Is Lordstown condemned to indefinite cycles of see-sawing? Researching this issue, I’ve come to the conclusion that it depends on the health of the construction industry.

Commercial construction spending vs. RIDE stock
Click to Enlarge
Source: Chart by Josh Enomoto

Here’s the deal. According to RIDE stock price information compiled by Yahoo Finance, Lordstown shares averaged $10.24 in July. In August and September, RIDE increased dramatically to an average of $16.78 and $25.75 respectively.

However, using data from the U.S. Census Bureau, total commercial construction spending in the U.S. declined from $84 billion in July to $82.7 billion in September. In other words, sentiment for RIDE was rising while the commercial construction industry was tightening its belt.

Now, there was some semblance of normalcy in October, when both RIDE stock and commercial construction spend dropped. However, the following month, RIDE bounced higher. Unfortunately, we don’t have access yet to the construction spend in November. But if it’s flat to worse, you’ve got to figure that Lordstown presently may be overvalued.

An Unemployment Warning Sign?

Due to psychological trading phenomena, I wouldn’t be surprised if RIDE stock dropped down to its support level between $17 to $18, only to bounce higher once more. Plus, we’re talking about the broader EV market, which is highly emotional.

But what about the intermediate to longer-term outlook? As I mentioned, we’re going to need to see commercial construction spending data to get a better understanding about where Lordstown shares are heading. However, we may get a preview with unemployment data.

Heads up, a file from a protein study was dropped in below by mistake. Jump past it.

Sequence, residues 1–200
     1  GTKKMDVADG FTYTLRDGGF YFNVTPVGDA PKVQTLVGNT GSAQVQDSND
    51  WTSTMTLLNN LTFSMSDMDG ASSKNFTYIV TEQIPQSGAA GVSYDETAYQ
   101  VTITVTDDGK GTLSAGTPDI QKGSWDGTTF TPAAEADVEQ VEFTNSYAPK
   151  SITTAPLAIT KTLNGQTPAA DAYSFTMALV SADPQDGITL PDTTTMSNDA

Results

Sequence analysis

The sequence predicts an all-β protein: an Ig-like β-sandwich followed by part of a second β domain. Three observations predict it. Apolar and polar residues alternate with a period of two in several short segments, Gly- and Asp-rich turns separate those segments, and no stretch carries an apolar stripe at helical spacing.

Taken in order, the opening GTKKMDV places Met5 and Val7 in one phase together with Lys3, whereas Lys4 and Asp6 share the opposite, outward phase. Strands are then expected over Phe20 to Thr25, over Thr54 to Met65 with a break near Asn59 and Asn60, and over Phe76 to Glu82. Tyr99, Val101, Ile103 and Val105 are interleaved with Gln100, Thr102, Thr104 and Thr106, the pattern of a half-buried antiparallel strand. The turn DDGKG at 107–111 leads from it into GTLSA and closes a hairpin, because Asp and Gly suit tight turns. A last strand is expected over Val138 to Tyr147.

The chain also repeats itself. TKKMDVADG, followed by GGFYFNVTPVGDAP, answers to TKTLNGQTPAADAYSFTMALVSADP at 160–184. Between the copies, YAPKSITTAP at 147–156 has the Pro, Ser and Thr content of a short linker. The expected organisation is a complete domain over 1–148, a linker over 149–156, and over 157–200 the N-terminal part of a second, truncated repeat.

Back in April of this year, the unemployment rate for the construction sector (16.6%) significantly exceeded that of the national rate (14.7%). In November, both rates have declined substantially. Still, construction remains noticeably higher than the national joblessness rate, 7.3% versus 6.7%.

To me, this suggests that the construction industry overall is still tightening its belt relative to other labor markets. Until this trend ameliorates, it’s not helpful for Lordstown, as fleet owners probably aren’t looking to upgrade but rather, do their best to maintain what they already have.

On the date of publication, Josh Enomoto did not have (either directly or indirectly) any positions in the securities mentioned in this article.

A former senior business analyst for Sony Electronics, Josh Enomoto has helped broker major contracts with Fortune Global 500 companies. Over the past several years, he has delivered unique, critical insights for the investment markets, as well as various other industries including legal, construction management, and healthcare. 


Article printed from InvestorPlace Media, https://investorplace.com/2020/12/ride-stock-until-biden-builds-back-better-lordstown-motors-will-be-shaky/.